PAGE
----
4. There is nothing on the record to justify the assumption that Ganga Ram was prosecuted by any of the defendants. Basant Rai's letter of 3rd June 1925 having proved infructuous, the complaint of Abir Chand filed on 15th June 1925 or his letter of 15th August 1925 have to be examined to find whether Ganga Ram was prosecuted by any of the defendants. There is nothing in either of them to indicate an intention on their part to prosecute Ganga Ram or to suggest that any criminal act was done by him. No prayer was made by Abir Chand for process being issued against Ganga Ram. It must have been through some misunderstanding that process was issued against Ganga Ram on Abir Cnand'a complaint of 15th June 1925. As regards proceedings following his letter of 15th August 1925, it might have been due to a similar misunderstanding or to some order of the executive officer that Gangaram was prosecuted. the learned advocate for the plaintiffs relies on the circumstance that during the pendency of criminal proceedings instituted on Abir Chand's letter of 15th August 1925, none of the defendants drew the attention of the Magistrate to the fact that Ganga Ram bad not been complained against by any of the defendants 1 do not think this circumstance justifies the inference that Abir Chand or any of the defendants prosecuted Gangs-, Earn. Not having themselves complained against Gangaram, it was not their duty to have taken exception to the prosecution of Ganga Ram. They might well have thought that Gangaram had been summoned at the instance of the Executive Officer of the cantonment. 1 am satisfied from the circumstances of the case that Gangaram cannot be said to have been prosecuted by Abir Chand, much less by Jaswant Rai, who did not himself file any complaint or address any letter to the executive officer.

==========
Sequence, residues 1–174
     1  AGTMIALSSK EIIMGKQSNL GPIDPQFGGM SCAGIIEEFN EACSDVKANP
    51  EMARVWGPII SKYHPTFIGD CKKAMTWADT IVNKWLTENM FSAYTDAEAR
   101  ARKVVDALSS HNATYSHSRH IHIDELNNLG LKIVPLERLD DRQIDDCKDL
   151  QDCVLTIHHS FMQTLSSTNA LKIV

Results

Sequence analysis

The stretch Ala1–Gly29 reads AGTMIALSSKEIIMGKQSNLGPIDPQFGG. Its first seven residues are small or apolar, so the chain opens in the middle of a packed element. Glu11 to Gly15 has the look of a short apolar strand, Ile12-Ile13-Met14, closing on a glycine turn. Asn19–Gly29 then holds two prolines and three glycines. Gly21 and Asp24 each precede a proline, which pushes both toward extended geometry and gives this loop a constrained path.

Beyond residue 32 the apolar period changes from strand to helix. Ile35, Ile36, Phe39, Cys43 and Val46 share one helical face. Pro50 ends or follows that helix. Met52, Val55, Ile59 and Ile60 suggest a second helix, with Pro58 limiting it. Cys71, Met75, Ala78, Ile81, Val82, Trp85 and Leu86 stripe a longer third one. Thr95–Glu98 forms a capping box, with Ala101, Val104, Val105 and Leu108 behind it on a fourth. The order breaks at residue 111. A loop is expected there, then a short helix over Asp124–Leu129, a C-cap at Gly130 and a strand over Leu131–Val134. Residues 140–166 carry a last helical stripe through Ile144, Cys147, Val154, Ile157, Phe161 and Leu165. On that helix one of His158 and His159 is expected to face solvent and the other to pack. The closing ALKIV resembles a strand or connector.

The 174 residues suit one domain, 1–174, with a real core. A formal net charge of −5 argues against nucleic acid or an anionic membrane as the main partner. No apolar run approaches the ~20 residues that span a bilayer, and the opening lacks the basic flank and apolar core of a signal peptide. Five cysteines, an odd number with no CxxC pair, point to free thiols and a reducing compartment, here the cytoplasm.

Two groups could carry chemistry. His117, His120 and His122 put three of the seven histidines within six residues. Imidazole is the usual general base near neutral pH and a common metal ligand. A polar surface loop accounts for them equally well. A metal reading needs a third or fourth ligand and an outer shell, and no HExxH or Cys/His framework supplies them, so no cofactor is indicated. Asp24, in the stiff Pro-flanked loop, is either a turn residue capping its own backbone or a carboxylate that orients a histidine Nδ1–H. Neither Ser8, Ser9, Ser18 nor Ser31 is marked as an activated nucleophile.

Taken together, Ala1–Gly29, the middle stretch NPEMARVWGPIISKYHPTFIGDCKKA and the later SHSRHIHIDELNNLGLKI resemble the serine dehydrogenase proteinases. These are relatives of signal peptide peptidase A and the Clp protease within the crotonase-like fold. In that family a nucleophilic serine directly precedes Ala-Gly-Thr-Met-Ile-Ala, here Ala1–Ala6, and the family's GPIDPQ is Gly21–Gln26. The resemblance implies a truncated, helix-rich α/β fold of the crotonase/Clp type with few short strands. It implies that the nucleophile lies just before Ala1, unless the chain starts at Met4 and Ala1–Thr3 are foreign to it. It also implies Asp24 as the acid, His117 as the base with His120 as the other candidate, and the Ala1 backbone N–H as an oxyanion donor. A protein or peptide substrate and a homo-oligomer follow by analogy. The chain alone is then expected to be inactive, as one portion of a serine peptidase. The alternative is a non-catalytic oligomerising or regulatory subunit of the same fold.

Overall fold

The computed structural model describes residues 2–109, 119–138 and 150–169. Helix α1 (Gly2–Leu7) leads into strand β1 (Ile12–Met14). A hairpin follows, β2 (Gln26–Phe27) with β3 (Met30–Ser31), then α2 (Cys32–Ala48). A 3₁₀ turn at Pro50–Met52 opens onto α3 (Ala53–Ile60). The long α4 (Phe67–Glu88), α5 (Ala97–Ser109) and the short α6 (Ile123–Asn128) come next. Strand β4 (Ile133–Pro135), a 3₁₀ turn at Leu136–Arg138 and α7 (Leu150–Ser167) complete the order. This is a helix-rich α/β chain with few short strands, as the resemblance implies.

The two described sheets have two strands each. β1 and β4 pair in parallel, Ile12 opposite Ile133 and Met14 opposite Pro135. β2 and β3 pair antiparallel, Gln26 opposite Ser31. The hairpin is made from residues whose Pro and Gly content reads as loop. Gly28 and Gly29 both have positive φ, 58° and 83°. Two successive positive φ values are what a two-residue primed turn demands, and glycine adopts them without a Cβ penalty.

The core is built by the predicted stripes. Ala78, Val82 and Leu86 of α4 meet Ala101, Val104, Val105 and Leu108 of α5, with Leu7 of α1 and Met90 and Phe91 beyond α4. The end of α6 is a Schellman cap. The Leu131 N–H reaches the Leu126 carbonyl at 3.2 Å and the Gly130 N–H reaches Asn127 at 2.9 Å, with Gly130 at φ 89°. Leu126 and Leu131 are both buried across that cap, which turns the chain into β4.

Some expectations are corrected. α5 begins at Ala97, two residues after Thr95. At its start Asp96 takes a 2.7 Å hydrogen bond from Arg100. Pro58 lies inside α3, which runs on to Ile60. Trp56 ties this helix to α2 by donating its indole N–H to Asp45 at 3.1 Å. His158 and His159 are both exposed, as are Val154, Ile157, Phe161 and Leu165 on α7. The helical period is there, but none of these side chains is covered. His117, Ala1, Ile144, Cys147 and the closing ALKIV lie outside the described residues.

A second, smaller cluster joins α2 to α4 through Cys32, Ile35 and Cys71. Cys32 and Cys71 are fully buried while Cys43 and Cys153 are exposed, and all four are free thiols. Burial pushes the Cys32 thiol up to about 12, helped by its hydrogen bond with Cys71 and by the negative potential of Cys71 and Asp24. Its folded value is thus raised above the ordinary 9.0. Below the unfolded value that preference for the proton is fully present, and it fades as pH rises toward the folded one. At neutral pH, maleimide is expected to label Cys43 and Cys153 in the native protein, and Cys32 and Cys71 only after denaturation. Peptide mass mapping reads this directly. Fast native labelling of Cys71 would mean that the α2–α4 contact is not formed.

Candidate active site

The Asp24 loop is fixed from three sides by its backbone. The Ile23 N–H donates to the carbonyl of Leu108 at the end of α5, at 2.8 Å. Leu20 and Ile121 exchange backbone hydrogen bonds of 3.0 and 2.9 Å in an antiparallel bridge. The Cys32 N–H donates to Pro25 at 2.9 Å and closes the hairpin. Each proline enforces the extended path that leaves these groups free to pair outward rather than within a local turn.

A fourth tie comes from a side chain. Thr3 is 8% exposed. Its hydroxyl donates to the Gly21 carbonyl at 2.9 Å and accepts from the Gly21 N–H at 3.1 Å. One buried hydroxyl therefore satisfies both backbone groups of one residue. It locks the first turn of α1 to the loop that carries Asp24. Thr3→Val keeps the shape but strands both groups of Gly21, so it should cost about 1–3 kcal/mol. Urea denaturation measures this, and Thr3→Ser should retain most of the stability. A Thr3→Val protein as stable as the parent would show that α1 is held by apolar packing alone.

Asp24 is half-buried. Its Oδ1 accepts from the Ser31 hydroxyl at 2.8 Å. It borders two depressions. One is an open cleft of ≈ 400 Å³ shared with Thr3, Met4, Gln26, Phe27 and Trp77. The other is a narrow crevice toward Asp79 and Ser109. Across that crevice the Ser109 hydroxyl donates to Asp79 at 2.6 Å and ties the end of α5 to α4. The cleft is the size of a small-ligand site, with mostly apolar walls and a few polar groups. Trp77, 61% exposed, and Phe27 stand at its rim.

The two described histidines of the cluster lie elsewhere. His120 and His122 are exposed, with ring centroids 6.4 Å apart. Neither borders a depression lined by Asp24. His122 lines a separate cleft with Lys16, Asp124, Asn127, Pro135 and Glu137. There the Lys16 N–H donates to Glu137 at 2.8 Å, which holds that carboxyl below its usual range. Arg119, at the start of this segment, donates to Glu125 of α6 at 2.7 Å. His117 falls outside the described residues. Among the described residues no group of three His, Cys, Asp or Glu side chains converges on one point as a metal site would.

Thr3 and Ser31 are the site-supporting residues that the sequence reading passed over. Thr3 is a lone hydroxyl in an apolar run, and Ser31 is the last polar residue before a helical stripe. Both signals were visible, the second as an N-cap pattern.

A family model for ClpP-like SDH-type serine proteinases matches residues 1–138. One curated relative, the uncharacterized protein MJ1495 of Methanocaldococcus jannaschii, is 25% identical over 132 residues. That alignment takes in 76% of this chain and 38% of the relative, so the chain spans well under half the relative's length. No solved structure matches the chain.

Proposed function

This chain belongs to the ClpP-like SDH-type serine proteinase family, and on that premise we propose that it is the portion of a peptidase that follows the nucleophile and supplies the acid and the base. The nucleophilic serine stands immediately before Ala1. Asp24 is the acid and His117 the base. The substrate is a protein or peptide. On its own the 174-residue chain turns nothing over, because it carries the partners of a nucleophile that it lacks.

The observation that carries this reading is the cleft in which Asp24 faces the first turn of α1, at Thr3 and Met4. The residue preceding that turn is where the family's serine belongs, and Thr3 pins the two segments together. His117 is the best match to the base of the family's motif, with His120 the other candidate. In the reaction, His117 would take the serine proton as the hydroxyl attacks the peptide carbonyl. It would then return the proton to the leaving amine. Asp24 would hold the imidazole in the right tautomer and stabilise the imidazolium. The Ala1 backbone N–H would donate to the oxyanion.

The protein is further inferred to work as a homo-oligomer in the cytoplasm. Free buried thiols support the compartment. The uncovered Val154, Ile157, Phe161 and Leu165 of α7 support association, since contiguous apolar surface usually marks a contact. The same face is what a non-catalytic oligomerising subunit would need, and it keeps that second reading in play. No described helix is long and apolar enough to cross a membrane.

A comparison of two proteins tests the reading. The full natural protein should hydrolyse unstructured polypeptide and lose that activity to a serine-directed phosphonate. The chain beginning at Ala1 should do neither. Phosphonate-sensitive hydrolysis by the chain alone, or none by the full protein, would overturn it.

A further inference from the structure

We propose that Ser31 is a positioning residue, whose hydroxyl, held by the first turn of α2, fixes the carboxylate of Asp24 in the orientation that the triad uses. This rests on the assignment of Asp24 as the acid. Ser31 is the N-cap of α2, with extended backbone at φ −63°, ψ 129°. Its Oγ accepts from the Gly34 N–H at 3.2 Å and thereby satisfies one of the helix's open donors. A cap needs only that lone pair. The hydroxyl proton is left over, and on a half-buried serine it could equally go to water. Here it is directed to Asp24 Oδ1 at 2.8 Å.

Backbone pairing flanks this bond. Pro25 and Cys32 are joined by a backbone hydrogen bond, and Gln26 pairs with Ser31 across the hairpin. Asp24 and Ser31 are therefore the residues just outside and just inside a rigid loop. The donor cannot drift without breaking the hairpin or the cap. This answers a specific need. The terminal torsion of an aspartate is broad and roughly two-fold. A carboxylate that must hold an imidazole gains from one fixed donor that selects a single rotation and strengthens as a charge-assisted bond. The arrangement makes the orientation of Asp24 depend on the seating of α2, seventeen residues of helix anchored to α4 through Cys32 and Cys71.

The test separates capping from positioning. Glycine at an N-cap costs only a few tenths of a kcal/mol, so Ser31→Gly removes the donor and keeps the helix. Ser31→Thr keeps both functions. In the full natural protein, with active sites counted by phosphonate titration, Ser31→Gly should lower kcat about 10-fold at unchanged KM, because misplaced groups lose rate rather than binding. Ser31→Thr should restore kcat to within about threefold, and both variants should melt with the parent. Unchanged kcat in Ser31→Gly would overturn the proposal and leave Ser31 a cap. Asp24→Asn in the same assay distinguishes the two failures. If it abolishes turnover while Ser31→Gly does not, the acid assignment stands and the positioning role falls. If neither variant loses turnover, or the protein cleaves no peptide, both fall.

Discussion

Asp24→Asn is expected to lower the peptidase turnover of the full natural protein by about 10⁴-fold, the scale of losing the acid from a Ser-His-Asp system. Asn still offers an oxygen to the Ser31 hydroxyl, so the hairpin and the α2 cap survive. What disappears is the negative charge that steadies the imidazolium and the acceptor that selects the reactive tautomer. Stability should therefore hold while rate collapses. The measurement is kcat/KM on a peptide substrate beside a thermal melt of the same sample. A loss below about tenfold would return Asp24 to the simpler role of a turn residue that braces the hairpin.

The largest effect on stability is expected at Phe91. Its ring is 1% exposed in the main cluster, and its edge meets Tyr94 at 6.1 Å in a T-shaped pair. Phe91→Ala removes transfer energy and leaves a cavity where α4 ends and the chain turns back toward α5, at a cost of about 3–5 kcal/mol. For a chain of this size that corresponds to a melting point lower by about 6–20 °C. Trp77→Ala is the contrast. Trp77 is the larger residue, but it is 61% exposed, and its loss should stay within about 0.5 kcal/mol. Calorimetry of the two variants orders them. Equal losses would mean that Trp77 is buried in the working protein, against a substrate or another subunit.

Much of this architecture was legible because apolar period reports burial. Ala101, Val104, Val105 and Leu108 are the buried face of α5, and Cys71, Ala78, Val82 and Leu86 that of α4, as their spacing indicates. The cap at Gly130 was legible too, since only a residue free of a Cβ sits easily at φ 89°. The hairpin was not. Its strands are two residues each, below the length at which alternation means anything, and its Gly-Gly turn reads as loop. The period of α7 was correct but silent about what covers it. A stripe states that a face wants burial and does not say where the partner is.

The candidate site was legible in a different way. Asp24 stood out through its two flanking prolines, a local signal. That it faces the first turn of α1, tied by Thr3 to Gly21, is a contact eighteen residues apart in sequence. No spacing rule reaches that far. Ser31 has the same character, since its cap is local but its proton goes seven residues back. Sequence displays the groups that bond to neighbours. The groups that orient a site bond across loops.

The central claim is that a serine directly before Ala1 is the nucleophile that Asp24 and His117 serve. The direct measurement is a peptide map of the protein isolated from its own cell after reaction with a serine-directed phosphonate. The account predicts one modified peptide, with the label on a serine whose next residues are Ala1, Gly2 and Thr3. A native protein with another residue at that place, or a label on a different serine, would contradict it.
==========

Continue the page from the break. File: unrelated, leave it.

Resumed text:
5. As regards the other plaintiff, Peare Lal, the findings of the lower appellate Court on questions of fact are that, owing to business rivalry and ill feeling between the two a false and groundless complaint was made by Abir Chand acting in concert with his master Jaswanb Ral. The lower appellate Court has also found that there was no reasonable and probable cause for Jaswant Rai and Abir Chand to prosecute Peare Lal, who had done nothing to obstruct Jaswant Rai in collecting rent in respect of which they had obtained a lease from the cantonment authorities. On these facts, no question of law can, in my opinion, arise,, and the plaintiff is undoubtedly entitled to damages from the person responsible for his prosecution. As to whether Jaswant Rai is also liable for the action of his servant, the finding of the lower appellate Court, already referred to, is. decisive. I am clearly of opinion that,, in the circumstances of the case, Jaswanb Rai, though he did not file a complaint, or address any letter to the executive-officer, is as much liable as his servant, who did so at his master's instance.
6. Basant Rai's appeal is confined to the question of costs. His grievance is that, though he was discharged by both the Courts below, no costs have been awarded to him. The Courts below had full discretion as regards costs, and no interference on that score is warranted in second appeal.
7. In view of the foregoing remarks, the appeals of Basant Rai and of Jaswant Rai and Abir Chand must fail, except so far that no decree can be passed in favour of the plaintiff Gangaram against them. As regards the appeal of the plaintiff Peare Lal I see no reason to differ from the Court of first instance-which has properly assessed damaged. All the requirements of the case will be met if the decree of the Court of first instance be restored. Accordingly, I allow Appeals Nos. 1501 and 1502 of 1929 in part set aside the decree of the lower appellate Court and restore that of the Court of first instance, parties paying and receiving costs in proportion to failure and success throughout. I dismiss S.A. No. 1503 of 1929 with costs. The cross-objections filed by Gangaram automatically fail and are dismissed with coats.